The City of Santa Rosa is preparing a smoking ordinance which, in part, requires landlords and property managers to take steps to enforce the no smoking rules for tenants.  The City solicited feedback and I prepared the following comments which were presented to the City.  Subsequently, the City made revisions.  I prepared comments to the revisions which are also on my website. 

Landlords need to be aware of the proposed ordinance which can be found at the City of Santa Rosa website .

My initial comments are as follows:

The ordinance as drafted requires property owners and managers to enforce the ordinance.  In addition, it subjects owners and managers to criminal charges for the acts of third parties.  Further, it is vague as to the “appropriate steps” that owners and managers should take to comply with the ordinance.

The ordinance applies to owners and managers.  This would include property management companies and individual on-site managers.  (9-20.030 Definition of “landlord.”)

Landlords including owners, property management companies and on-site managers are enforcers of the ordinance.  (9-20.808(B).)  They are required to take “appropriate steps to ensure tenant compliance with this chapter.”  The term “appropriate steps” is vague and needs to be defined in the ordinance.  As drafted, the vague language is particularly problematic in situations where one tenant accuses another of smoking and the suspected smoker denies smoking.  A tenant is entitled to 24 hour notice of entry into a unit which is plenty of time to air the unit out before a manager can enter and give the unit a “sniff test.”  How are the owners and managers to determine which tenant is telling the truth.

Further, this opens the door to disgruntled tenants filing civil suits against the owners and individual managers for either failing to take “appropriate steps” or, in the alternative, for taking “appropriate steps” against an accused tenant who denies he or she is smoking in the unit.

In addition, Section 9-20.150 subjects owners and managers to criminal charges for failing to take “appropriate steps.”  Subpart (A) makes it unlawful for the owners and managers to “fail to comply with” the provisions of this chapter.  Subpart (C) provides that any person who violates any provision of this chapter SHALL be guilty of an infraction.  Subpart (D) provides that any person who violates any provision of this article more than three times in one year SHALL be deemed guilty of a misdemeanor.  Subpart (E) states that each day a violation continues is a separate violation.  Therefore, any owner or manager who fails to “take appropriate steps” or, worse, takes some steps that are determined not to meet the vague standard of “appropriate steps,” for more than three days SHALL be guilty of a misdemeanor.  A property owner or manager should not be subject to criminal charges for the acts of a third party.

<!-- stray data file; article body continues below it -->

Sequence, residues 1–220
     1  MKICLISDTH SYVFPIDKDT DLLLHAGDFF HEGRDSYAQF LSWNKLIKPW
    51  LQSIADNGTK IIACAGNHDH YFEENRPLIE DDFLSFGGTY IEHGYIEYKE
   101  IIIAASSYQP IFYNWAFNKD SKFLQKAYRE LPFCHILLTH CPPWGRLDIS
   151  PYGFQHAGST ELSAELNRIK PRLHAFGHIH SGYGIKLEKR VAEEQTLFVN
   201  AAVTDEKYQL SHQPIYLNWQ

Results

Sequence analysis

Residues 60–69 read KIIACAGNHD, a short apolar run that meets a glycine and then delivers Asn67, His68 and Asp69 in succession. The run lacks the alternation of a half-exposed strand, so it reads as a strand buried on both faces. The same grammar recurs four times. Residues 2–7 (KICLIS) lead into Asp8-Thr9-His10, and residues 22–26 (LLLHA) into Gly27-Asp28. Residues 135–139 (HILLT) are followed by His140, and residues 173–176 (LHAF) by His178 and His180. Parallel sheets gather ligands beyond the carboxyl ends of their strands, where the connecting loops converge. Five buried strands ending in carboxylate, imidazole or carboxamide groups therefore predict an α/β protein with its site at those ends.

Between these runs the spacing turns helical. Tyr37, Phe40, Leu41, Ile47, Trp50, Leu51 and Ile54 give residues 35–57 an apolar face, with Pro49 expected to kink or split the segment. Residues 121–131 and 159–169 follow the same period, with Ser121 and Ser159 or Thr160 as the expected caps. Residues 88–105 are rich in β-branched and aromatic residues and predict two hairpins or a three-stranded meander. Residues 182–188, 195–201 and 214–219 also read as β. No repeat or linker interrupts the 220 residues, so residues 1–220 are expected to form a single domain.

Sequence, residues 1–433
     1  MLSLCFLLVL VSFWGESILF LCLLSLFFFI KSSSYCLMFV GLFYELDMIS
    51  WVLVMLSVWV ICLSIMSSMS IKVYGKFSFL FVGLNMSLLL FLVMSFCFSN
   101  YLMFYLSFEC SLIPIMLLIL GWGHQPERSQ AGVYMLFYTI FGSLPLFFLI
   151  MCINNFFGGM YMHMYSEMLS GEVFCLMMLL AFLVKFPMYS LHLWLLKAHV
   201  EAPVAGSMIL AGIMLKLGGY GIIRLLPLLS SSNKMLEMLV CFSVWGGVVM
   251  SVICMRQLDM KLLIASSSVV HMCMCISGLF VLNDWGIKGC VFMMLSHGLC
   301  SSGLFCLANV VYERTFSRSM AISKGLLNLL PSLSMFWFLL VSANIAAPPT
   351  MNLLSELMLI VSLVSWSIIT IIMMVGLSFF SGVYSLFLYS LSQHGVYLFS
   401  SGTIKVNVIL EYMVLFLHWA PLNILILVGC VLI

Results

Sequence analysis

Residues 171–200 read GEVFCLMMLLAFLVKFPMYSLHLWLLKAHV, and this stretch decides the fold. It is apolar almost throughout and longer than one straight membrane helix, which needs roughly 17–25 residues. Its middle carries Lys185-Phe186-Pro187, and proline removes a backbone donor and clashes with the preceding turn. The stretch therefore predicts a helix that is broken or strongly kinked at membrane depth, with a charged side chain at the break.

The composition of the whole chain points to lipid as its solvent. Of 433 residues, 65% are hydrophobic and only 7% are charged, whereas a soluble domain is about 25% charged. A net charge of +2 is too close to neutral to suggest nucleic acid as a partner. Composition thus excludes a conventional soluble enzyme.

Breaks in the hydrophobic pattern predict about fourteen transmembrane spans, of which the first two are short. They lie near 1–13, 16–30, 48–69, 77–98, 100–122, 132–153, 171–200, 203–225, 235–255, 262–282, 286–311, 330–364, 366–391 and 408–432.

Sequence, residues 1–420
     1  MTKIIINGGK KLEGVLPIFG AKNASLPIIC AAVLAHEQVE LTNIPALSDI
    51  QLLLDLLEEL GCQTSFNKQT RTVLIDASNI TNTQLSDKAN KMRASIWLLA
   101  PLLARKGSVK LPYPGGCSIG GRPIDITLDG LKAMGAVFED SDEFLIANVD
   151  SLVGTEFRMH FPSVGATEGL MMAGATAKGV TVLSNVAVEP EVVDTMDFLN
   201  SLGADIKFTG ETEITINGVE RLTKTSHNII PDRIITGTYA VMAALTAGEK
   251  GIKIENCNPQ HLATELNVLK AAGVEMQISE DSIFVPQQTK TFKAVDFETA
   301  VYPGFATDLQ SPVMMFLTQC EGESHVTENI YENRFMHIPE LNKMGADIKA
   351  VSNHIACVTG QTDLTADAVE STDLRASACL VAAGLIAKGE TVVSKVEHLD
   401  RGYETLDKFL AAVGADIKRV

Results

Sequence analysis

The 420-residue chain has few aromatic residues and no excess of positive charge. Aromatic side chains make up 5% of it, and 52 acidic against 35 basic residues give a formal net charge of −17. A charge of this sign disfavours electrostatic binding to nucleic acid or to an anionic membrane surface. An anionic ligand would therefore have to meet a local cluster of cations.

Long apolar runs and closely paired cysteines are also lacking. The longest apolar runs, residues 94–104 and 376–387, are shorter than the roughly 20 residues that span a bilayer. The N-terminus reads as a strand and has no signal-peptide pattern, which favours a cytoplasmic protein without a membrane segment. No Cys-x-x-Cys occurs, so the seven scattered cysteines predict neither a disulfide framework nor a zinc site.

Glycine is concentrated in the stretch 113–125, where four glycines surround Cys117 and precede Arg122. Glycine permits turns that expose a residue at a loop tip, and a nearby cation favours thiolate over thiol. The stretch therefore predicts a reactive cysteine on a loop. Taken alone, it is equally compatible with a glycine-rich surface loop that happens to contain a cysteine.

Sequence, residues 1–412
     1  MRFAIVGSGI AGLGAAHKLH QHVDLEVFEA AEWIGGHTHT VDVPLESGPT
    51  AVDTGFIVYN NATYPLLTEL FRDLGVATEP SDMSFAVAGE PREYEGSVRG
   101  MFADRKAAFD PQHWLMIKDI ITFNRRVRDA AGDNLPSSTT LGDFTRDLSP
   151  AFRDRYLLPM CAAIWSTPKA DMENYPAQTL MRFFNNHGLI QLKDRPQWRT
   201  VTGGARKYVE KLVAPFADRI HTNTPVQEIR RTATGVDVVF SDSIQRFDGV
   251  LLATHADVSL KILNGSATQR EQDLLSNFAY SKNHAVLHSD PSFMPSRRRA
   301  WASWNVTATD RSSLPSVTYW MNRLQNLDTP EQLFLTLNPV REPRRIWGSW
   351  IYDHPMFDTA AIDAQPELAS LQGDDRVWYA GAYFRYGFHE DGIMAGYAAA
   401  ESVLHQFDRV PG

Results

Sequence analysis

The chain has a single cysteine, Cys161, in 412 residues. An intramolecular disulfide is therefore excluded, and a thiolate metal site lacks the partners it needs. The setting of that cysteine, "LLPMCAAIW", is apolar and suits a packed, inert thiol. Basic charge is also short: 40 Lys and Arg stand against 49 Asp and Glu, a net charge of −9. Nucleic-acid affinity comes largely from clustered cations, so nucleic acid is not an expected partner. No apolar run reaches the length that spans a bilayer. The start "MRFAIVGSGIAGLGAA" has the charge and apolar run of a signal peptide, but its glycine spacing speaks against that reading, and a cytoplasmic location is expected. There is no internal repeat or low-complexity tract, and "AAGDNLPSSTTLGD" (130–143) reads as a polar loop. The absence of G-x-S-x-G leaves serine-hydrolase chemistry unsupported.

The criminal charges would also apply to any owner or manager who fails to include the required language in their leases or rental agreements.  On day four of such failure, the owner or manager SHALL “be deemed guilty of a misdemeanor.”

This ordinance needs to put enforcement of the ordinance on law enforcement officers who have police powers not available to owners and managers.  It also needs to define exactly what

“appropriate steps” should be taken by the owners and property managers to avoid liability under the ordinance.  In addition, it needs to exempt owners and property managers from criminal charges.

Linda Ryan
Board Member
North Coast Rental Housing Association

The above is not legal advice and should not be relied upon as legal advice.  You should consult with an attorney of your choice for individualized advice regarding your own unique situation.  No attorney-client relationship is formed between Linda Ryan and you by receipt of and/or viewing the above e-mail communication.  

Dated: December 8, 2015